With the proliferation of wellness and other programs designed to improve health and lower health spending, a key question has been how to maximize the likelihood that employees will take the actions which might lead to those better outcomes. Several organizations have released reports informing us on that topic.
The National Business Coalition on Health has been at the forefront of enlightened employer-based health plan design and has issued a new report on health plans’ capabilities to offer and support value based designs. (NBCH Report) These designs include incentives to encourage employees to make good health and health care choices; programs to support health behaviors; having suitable data gathering and analysis tools and offering tiered provider networks based on quality and cost. The report finds that most national and many regional health plans have these abilities.
IncentOne, a large provider of incentive programs, has begun a series called “The Science of Health Incentives”. The first report in that series discusses how incentive amounts affect participation in HRA completion and wellness program participation. (IncentOne Report) The researchers looked at thousands of pieces of research or data sets to ascertain what level of incentive would drive certain levels of participation. For wellness programs, every $100 increase in incentive value increases participation by 7% above baseline; to get 60% of people to participate costs about $356. For HRA completion, the baseline participation is higher and to obtain 60% participation costs about $163.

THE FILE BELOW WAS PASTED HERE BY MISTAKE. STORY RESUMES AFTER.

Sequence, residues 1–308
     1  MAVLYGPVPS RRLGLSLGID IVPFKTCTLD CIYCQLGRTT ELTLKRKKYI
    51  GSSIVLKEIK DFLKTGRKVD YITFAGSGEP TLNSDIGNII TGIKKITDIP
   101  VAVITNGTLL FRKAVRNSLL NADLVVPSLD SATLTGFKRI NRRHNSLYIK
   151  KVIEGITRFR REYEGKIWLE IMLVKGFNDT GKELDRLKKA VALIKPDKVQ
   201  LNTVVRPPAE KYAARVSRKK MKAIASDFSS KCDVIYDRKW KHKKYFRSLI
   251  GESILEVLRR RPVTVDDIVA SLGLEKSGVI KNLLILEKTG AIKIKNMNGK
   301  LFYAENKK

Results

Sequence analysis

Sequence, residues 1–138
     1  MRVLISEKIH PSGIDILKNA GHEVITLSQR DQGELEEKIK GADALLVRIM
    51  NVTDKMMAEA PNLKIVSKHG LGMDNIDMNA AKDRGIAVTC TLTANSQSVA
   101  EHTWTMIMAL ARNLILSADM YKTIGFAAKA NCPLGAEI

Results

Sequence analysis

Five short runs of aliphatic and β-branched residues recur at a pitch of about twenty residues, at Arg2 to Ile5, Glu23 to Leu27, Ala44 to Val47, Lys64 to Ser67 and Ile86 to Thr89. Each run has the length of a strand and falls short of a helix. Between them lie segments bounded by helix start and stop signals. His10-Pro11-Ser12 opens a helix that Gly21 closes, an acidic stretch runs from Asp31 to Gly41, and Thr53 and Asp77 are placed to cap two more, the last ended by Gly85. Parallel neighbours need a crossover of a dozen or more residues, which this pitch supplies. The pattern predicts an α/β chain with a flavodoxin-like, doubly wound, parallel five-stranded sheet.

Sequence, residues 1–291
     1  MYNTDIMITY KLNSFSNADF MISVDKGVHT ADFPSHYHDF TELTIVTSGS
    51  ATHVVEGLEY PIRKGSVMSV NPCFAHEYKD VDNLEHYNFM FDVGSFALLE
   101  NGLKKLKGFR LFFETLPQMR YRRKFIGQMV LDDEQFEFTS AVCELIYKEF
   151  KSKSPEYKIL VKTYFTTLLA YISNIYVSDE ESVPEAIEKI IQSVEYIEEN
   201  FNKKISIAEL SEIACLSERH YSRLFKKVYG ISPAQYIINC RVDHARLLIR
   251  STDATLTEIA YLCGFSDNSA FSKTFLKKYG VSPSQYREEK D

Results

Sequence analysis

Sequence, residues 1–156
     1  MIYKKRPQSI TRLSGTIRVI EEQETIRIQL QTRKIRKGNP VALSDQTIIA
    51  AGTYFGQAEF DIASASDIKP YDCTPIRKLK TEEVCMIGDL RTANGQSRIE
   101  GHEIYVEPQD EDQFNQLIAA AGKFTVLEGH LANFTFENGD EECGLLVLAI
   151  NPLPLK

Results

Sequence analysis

Finally, Viverae, a wellness services provider, put out a white paper on designing incentive programs to increase participation by employees. The paper examined four types of incentives, premium reductions, merchandise, cash and gift/debit cards. The paper analyzes potential benefits and disadvantages of each. While recommendations may differ based on the specific employer’s situation, Viverae recommends a $500-800 premium credit as the primary incentive. (Viverae Paper) (Registration Required)
Employees and others tend to know that wellness programs would help them, but often need motivation to actually become engaged. Creating that engagement is becoming more scientific, based on ongoing research such as that conducted by these groups.